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SPATIAL DIFFERENTIATION: The notion that economic activity is not evenly dispersed across the land. That is, goods, services, resources, production, and consumption are more concentrated at some locations and less concentrated at other locations due to natural endowments and human activity. The result is that no two location points have exactly the same access to inputs or outputs. This is a fundamental principle underlying the study of urban and regional economics and implies that firms and households must include transportation cost and location in production and consumption decisions.

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J CURVE: An interesting relationship that exists between the exchange rate for a nation's currency and its balance of trade. In principle, the drop in a nation's exchange rate, or price of currency, makes the currency less expensive to "buy." With "cheaper" currency the price of domestic production is less and the price of foreign stuff is more, causing an increase in exports to other countries and drop in imports coming in from foreign producers. The economy thus moves in the direction away from a trade deficit and toward a trade surplus. However, the first few months after a drop in the exchange rate the balance of trade goes in the other direction, with any existing trade deficit increasing or any trade surplus shrinking. This occurs because the quantities imported and exported don't change in the short run, but the prices do. Because more is paid for the same amount of imported goods and receive less for the same amount of exports, total spending on imports increases, total revenue received from exports declines, and the movement is in the trade deficit direction. Once those quantities start adjusting in the long run, then we see a movement in the direction of a trade surplus.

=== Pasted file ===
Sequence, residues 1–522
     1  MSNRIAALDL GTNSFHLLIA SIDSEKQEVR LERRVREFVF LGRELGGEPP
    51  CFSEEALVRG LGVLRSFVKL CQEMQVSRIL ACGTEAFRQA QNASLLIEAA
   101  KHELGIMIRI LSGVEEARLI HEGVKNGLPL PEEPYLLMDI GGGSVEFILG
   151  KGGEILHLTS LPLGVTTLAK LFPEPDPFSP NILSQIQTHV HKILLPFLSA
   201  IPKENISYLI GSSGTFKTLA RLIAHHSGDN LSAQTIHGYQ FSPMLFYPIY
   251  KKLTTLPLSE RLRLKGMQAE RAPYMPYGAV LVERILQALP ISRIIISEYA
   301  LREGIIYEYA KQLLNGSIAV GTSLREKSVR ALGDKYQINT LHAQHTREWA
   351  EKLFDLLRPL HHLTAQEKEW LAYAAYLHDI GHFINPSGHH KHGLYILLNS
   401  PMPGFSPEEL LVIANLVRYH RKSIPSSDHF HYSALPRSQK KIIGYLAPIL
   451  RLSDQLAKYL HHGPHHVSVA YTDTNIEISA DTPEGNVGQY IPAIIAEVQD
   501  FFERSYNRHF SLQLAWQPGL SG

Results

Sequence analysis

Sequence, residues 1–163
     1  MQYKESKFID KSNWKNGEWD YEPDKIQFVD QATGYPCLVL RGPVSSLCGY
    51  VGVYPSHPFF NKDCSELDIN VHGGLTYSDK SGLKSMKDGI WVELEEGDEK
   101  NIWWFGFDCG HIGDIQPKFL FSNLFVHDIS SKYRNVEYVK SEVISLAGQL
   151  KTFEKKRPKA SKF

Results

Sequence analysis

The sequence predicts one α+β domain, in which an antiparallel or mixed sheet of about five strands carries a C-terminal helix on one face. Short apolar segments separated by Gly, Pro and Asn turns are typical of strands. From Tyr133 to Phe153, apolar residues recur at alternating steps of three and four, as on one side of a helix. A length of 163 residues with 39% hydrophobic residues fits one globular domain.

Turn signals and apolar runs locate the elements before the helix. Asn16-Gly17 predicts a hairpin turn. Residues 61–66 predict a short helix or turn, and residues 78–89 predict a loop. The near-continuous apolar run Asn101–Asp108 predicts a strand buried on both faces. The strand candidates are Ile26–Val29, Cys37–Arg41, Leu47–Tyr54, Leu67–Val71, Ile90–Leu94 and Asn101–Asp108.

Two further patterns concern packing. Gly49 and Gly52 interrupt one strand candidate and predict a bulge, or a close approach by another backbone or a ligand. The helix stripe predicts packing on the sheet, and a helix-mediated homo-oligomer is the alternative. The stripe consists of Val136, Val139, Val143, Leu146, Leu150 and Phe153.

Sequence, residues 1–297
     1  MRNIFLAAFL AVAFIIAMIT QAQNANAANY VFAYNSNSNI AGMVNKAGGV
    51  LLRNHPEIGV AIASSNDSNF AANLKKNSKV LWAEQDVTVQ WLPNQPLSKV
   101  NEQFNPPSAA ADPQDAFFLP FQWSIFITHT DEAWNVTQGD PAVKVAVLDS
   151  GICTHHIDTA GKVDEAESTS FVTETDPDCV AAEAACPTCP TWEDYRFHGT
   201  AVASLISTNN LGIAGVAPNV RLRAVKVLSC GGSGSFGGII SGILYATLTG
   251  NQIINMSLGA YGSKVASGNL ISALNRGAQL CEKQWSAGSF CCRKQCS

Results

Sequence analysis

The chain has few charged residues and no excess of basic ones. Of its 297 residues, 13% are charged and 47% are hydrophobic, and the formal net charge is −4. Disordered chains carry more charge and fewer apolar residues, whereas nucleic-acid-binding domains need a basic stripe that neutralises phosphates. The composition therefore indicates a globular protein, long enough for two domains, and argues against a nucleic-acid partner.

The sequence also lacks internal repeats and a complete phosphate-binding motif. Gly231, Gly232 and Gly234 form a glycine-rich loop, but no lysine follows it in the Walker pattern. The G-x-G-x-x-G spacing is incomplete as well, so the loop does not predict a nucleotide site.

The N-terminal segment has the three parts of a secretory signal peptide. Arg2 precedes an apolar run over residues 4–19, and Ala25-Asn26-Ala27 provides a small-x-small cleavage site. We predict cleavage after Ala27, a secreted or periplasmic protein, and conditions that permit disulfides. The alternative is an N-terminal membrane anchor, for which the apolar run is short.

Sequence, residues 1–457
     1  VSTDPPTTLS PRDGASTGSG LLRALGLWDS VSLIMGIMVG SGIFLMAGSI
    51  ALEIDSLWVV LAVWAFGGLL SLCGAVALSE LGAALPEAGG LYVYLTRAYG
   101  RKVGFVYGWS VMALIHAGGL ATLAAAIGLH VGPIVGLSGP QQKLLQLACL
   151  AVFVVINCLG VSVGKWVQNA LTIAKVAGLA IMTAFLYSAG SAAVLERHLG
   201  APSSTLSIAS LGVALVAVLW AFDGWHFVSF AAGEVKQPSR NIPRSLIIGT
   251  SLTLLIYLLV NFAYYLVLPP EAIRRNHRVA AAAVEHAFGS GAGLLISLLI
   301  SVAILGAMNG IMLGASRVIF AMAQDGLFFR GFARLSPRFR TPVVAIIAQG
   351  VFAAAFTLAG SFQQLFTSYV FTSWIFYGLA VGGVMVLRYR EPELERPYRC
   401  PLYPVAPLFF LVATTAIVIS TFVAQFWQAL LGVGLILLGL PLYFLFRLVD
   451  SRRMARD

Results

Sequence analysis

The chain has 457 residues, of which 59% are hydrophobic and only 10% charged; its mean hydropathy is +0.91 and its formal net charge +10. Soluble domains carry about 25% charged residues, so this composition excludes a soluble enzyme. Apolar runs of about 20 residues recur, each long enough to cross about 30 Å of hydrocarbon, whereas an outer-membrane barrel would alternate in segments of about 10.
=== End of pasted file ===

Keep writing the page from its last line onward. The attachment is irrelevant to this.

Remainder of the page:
See also | foreign trade | foreign exchange | depreciation | exchange rate | currency | balance of trade | domestic | foreign | export | import | net exports | trade deficit | trade surplus | short run | long run |


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INJECTIONS LINE

A graphical representation of the relation between the level of aggregate production and one or more injections. The three injections (non-consumption expenditures on aggregate production) are investment expenditures, government purchases and exports. The injections line sequentially adds, or layers, each of these three expenditures depending on the number of sectors used in the analysis (two, three, or four). The slope of the injections line depends on which if any of the expenditures are induced by aggregate production. The injections line is combined with the leakages line (containing saving, taxes, and imports) in the Keynesian injections-leakages model.

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Today, you are likely to spend a great deal of time looking for the new strip mall out on the highway looking to buy either a birthday gift for your aunt or a pair of leather sandals that won't cause blisters. Be on the lookout for florescent light bulbs that hum folk songs from the sixties.
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The first "Black Friday" on record, a friday marked by a major financial catastrophe, occurred on September 24, 1869 -- A FRIDAY -- when an attempted cornering of the gold market induced a financial crises and economy-wide depression.
"You can't build a reputation on what you are going to do."

-- Henry Ford, automaker

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Tokyo Commodity Exchange (Japan)
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